Presentation of the TechCrunch global business project – TechCrunch


Technology has never agree with the limits. Even the most detailed satellite snapshots of Earth show no boundaries. From print to airplane, phone to social media, advancements in technology have helped us transcend time and space. And when he didn’t send memes out into the world, he sparked revolutions.

We have become accustomed to the subversive capacity of technology, but it has not always been so. Far from crossing borders, technology has most often been used to change them. From ancient Rome and China to the British Empire in the United States, the history of the world can be told as a story in which those who harness technology win.

Until about thirty years ago.

Since the fall of the Berlin Wall, technological progress has been largely separated from politics. Consumer demand, not state affairs, has driven society forward.

This benign neglect has brought us enormous benefits: smartphones, electric cars – the World Wide Web! Can we imagine going through the past 18 months without Zoom, TikTok, or Amazon Prime? But the tone has changed lately. For the first time in living memory, politics is perhaps the most important factor in the future of technology.

This is why we are launching today the TechCrunch Global Business Project.

After decades of near impunity, the world’s tech titans face a rapidly changing political environment. European regulators are tracking tech multinationals on tax, confidentiality and monopoly abuses. Chinese authorities are cutting off the wings of the country’s most powerful companies while restricting their foreign competitors. And in a politically divided America, an antitrust dynamic is one of the few policy areas that has momentum – and bipartisan consensus.

This examination comes as technology companies act more and more like nation states than businesses. Facebook now has a judicial branch; tech moguls have reached orbit, going where only governments have gone before; and cryptocurrencies pose the greatest threat to the monetary power of governments since the invention of money.

Meanwhile, governments are making flexible use of technology for their own ends. Instead of aiding and comforting dissidents, technology is now used to suppress them. The recent controversy over Israeli company NSO Group is just the latest example of dictators deploying sophisticated tools like ransomware to monitor their political opponents (or worse).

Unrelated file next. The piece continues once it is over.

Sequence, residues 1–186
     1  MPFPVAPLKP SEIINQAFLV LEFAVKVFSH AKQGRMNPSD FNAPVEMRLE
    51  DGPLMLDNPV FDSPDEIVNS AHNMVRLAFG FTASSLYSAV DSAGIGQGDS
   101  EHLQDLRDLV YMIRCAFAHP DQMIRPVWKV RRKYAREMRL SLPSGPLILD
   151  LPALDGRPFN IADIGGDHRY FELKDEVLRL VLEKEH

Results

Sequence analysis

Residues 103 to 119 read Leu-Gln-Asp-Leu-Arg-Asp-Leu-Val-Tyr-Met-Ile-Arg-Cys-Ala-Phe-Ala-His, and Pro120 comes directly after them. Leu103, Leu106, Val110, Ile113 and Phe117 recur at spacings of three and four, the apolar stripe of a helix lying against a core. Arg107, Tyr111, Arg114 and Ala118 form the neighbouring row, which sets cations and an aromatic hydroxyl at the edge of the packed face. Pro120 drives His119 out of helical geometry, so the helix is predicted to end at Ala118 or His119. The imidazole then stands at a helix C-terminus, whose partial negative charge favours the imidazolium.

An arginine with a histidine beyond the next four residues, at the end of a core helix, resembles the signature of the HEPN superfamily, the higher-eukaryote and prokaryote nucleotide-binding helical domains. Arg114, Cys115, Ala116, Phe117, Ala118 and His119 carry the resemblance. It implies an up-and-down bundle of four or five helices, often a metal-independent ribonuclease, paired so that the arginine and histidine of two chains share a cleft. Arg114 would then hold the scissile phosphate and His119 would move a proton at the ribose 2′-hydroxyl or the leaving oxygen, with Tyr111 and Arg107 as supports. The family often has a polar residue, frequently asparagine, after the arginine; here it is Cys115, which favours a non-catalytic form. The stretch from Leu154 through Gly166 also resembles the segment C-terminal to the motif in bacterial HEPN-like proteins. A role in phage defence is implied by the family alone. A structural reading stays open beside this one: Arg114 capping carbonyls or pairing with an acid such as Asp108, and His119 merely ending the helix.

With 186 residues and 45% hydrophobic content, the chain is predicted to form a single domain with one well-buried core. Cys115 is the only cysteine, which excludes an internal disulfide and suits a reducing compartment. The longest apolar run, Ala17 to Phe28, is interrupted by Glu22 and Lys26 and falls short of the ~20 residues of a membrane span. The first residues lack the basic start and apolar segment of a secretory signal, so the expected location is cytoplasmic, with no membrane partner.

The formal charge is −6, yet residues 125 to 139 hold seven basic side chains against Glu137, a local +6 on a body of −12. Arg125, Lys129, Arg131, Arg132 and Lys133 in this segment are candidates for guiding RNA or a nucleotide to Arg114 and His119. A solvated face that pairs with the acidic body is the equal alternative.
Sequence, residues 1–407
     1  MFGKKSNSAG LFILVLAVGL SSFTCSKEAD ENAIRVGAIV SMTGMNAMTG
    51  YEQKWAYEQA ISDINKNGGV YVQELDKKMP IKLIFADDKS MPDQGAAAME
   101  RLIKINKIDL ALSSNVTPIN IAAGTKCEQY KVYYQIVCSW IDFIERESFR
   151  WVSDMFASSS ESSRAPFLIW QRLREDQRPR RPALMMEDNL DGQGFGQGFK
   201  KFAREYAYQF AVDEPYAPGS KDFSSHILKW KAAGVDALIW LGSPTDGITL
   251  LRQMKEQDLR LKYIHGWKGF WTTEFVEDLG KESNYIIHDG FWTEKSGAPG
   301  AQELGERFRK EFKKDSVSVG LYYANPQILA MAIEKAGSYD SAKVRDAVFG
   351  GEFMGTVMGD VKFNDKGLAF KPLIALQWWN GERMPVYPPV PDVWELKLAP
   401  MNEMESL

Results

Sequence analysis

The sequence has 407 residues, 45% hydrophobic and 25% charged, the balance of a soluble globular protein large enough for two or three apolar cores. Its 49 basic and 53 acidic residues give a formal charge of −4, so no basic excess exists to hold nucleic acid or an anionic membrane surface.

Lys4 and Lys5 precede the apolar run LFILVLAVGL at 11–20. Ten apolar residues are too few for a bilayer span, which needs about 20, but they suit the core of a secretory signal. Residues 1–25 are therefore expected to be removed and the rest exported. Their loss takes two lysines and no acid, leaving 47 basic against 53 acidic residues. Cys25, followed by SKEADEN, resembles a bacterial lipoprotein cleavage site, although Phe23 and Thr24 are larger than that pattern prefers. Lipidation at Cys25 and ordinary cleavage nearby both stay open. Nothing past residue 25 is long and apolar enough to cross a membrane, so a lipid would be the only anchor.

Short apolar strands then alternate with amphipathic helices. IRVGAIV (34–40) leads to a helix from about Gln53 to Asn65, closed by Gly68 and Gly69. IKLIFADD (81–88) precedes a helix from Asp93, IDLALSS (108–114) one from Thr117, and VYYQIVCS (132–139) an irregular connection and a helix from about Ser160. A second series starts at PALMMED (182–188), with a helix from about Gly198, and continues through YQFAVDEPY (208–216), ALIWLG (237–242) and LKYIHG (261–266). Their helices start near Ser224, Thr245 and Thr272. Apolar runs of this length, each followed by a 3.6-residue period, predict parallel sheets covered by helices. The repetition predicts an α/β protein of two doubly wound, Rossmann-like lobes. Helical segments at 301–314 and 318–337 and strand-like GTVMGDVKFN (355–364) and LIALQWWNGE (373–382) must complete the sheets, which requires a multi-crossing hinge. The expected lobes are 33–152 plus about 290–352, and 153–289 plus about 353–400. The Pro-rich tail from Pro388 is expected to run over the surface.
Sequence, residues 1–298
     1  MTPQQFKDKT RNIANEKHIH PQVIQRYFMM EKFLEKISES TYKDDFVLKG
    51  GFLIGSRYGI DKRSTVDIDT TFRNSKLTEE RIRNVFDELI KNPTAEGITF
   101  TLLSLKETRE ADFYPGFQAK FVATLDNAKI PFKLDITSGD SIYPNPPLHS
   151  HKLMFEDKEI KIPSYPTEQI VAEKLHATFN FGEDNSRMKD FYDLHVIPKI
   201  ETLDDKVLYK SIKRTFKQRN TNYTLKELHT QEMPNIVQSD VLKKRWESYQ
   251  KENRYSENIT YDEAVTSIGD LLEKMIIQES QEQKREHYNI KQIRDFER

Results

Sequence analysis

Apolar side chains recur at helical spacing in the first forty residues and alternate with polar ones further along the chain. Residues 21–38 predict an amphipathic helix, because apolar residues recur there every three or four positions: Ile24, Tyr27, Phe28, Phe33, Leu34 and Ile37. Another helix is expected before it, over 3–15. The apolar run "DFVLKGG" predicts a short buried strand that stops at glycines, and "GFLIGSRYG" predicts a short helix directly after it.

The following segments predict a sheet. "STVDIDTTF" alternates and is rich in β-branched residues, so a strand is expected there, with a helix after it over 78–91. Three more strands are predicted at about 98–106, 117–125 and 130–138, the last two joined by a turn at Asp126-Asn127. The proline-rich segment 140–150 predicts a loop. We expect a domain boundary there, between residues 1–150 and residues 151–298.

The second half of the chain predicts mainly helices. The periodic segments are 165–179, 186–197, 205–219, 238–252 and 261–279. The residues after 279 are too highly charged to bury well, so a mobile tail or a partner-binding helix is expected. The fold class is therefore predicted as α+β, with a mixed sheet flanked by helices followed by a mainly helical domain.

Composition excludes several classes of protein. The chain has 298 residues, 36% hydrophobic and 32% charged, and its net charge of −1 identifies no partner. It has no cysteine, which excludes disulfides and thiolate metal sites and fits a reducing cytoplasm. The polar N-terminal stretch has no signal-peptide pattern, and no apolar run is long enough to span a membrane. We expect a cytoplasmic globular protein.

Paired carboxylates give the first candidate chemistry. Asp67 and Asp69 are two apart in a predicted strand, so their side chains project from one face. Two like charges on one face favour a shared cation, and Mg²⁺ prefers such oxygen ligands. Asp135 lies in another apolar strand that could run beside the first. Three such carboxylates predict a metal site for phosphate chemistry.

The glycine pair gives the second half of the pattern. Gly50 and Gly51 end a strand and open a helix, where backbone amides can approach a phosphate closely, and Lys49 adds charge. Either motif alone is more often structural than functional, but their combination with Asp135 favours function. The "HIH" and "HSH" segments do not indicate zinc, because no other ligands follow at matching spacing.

Technology may be a tactical tool, but it has become a strategic goal. Since the Soviet-American arms and space races, technology has not been of such geopolitical importance. Huawei is just the most striking example of technological competition as a proxy for geopolitics. From Taiwan to Sweden, from Brussels to Beijing, technological policy and foreign policy are increasingly one and the same.

The truth is that from now on, the fate of states will depend more than ever on the technologies they own. And the fate of tech companies will most often be tied to the states in which they reside. According to experts, who controls the most advanced technology will determine the world order. of the 21st century. And after several decades of free-for-all, the time to choose sides has come for many.

So before we go any further, allow me to introduce myself. I am originally from California, a writer and training policy enthusiast, I have lived in New York and spent time in Washington, London and Paris. I have written speeches, worked for a large foundation, consulted for political campaigns and co-authored a bestselling book. Although my focus is on foreign policy and national security, I have also worked on a wide range of issues; At TechCrunch, I wrote about philanthropy, commerce, 5G, and US-China relations.

Although I occasionally contribute to this series, my main role will be that of curator and editor. We invited some of the world’s foremost experts and practitioners to share their thoughts on the impact of technology on their field. From cyber to drones, from AI to the future of democracy itself, our contributors will introduce you to the latest developments in their field and explain how technology is helping them chart a course for the future. They will connect the dots, so to speak, between bits and bombs, code and COVID, networks and nations.

TechCrunch Global Business Project

There are elephants in the room. Competition with China is important, as is cooperation with allies. With COP26 approaching in just over a week, climate change – and the ability of the tech sector to have an impact – is vital. And understanding how the power of technology to strengthen or undermine civic discourse is essential if we are to preserve democracy and protect human rights.

This week, we start with pieces on several topics not always considered in connection with technology. Matt Rogers, co-founder of Nest, writes about the role of startups in tackling climate change. Phil Levy, chief economist at Flexport, explains what China’s “decoupling” would mean for technology supply chains. And Omidyar Network’s Robert Karanja explores the dangers of digital ID – and how it can be implemented securely and fairly.

This series is an experiment, and like the best software, we aim to iterate. Please share your thoughts with us and send us your ideas. Our goal in the coming weeks is to elucidate, to inform and, hopefully, to provoke a little too. I hope you will join us.

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